Paris, je t'aime is about the plurality of cinema in one mythic location: Paris, the City of Love. Twenty filmmakers have five minutes each; the audience must weave a single narrative out of twenty moments. The 20 moments are fused by transitional interstitial sequences and also via the introduction and epilogue. Each transition begins with the last shot of the previous film and ends with the first shot of the following film, extending the enchantment and the emotion of the previous segment, preparing the audience for a surprise, and providing a cohesive atmosphere. There's a reappearing mysterious character who is a witness to the Parisian life. A common theme of Paris and love fuses all. Written by
In the last segment, where the grave of Jean Paul Sartre and Simone de Beauvoir is shown, the audio and subtitles both say Simon Bolivar.
This is not a goof; rather, it is showing that Carol (Margo Martindale's character) is not completely confident in French and/or history. See more »
[singing in Spanish to Bourgeoisie's baby]
Pretty little hands that I have how pretty and how white that God gave me. Pretty little eyes that I have how pretty and black that God gave me. Pretty little mouth that I have how pretty and red that God gave me. Pretty little feet that I have how pretty and chubby that God gave me...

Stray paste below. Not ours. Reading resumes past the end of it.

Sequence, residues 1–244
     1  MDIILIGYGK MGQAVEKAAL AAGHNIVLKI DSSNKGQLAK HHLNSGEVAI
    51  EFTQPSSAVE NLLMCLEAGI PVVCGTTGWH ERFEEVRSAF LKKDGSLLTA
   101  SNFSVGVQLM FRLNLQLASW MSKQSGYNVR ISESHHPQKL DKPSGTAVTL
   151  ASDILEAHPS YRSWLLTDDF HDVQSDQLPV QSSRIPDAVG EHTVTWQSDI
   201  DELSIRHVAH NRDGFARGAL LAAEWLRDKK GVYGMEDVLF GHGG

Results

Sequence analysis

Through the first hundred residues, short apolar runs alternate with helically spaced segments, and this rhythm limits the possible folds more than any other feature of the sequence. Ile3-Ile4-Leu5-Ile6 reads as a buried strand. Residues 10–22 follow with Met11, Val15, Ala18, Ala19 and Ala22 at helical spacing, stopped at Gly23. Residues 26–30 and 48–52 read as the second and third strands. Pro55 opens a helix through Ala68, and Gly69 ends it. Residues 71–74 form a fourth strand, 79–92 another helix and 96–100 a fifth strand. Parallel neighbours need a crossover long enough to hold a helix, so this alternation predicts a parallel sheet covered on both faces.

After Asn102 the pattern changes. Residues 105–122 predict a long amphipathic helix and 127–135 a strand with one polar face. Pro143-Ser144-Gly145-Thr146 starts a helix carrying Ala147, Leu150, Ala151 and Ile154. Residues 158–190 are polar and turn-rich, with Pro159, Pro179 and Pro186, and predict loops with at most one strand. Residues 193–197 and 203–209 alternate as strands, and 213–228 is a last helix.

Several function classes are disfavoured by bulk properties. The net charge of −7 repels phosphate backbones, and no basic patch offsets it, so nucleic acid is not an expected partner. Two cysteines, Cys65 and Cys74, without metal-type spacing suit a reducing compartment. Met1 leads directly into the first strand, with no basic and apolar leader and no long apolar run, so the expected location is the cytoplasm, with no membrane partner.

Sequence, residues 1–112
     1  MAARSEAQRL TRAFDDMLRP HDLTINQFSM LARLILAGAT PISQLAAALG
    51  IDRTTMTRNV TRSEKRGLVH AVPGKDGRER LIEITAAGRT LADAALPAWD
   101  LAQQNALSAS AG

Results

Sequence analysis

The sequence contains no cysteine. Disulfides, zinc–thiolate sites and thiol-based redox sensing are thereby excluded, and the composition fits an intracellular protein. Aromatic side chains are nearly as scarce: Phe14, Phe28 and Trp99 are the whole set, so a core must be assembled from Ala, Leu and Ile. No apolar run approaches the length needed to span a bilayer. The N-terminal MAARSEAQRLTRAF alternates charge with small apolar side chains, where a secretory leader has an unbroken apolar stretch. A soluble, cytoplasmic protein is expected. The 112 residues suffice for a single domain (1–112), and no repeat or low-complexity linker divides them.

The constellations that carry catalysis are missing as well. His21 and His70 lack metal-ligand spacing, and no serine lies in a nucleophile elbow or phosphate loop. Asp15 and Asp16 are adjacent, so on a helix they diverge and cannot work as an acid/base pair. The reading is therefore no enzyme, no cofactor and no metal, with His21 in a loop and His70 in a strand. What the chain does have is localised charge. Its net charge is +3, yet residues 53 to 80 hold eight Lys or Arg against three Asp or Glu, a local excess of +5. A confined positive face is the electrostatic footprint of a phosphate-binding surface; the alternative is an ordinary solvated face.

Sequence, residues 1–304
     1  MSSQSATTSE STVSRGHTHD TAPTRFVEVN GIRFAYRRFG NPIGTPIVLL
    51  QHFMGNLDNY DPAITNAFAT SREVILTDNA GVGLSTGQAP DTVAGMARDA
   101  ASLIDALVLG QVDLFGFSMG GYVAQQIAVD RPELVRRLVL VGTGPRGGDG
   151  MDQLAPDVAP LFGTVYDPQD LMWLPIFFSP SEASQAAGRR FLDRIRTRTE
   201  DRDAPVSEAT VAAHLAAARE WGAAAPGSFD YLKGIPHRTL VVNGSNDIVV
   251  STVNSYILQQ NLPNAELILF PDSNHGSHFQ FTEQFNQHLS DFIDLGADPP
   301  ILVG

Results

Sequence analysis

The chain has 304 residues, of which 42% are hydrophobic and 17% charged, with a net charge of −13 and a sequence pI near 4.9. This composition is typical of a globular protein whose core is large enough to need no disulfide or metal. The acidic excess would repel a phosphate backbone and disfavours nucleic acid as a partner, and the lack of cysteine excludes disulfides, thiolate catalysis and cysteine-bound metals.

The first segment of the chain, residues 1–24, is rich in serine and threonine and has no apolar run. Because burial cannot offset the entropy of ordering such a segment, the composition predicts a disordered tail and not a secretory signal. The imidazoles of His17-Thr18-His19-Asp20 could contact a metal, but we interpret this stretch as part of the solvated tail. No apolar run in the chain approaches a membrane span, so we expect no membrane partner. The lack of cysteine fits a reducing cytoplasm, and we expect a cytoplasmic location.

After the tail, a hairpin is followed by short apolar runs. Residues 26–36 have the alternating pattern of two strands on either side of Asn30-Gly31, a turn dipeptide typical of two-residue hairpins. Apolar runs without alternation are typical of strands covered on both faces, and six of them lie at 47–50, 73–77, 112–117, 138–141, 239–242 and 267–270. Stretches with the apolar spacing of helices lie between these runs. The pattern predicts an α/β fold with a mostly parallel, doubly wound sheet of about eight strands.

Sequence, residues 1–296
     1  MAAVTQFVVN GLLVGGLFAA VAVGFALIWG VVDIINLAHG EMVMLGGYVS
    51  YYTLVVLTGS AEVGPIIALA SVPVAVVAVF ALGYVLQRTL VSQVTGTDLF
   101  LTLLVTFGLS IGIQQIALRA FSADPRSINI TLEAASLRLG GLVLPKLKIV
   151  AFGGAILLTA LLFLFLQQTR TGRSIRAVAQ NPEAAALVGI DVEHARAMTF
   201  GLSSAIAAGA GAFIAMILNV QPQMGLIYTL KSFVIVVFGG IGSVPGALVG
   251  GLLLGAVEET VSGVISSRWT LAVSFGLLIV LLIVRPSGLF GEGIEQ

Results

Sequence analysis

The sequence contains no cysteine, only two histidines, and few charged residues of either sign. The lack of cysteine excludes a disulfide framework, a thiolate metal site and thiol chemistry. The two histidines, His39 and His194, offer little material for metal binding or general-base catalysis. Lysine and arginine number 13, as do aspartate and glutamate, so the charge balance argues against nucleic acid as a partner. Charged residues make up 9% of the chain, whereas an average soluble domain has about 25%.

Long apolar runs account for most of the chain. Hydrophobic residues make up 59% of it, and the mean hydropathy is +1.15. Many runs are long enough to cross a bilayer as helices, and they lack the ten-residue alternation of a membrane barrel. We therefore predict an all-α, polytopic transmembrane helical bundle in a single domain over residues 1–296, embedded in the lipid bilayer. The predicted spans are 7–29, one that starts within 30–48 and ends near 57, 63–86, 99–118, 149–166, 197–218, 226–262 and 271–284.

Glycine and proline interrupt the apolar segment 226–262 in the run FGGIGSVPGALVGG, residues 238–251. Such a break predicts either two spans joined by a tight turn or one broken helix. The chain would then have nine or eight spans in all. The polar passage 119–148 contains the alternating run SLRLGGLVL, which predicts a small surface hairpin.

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A wonderful, beautiful homage, but maybe too many parts in the whole for a single sitting
A smorgasbord of talent. Twenty glimpses of Paris - its different suburbs. High quality shorts masterfully united.
A veiled woman intrigues us to the beauty beneath her hijab. Gus Van Sant delights with a flirtation between two young boys (and with a surprise revelation). Steve Buscemi's mind-boggling tourist guide accompanies him through a surreal Coen Brothers encounter in the Metro. Maggie Gyllenhaal gets stoned off her face preparing for an acting role. Bob Hoskins hangs out in sleazy Pigalle. Elijah Wood discovers his inner vampire. Oscar Wilde's burial place inspires one humourless would-be bridegroom and saves his relationship. Tom Tykwer takes us running through the streets of Saint-Denis with a blind man in love. Gérard Depardieu is a bartender and a host of other stars and directors charm us with strange and original tales of love in the city of love itself.
These vignettes are a whirlwind tour of the heart of each arrondissement, but they focus on Frenchness, or Parisienness rather than over-exploiting famous landmarks . . . which makes it all the more fun recognising the locales. The quality is superb - each short film is almost a masterclass - but the overall effect can be weariness. Such a torrent of shorts leaves no room to develop an overall momentum, however skilfully knitted together. Each touches our emotions in different ways. Yet it is like nibbling for nearly two hours in the kitchens of the best chefs. At the end we are exhausted and hungry.
The concept of Paris Je t'Aime is a beautiful one. This film is a permanent and worthy homage to the great city. But as cinema it seems sadly unsatisfying.
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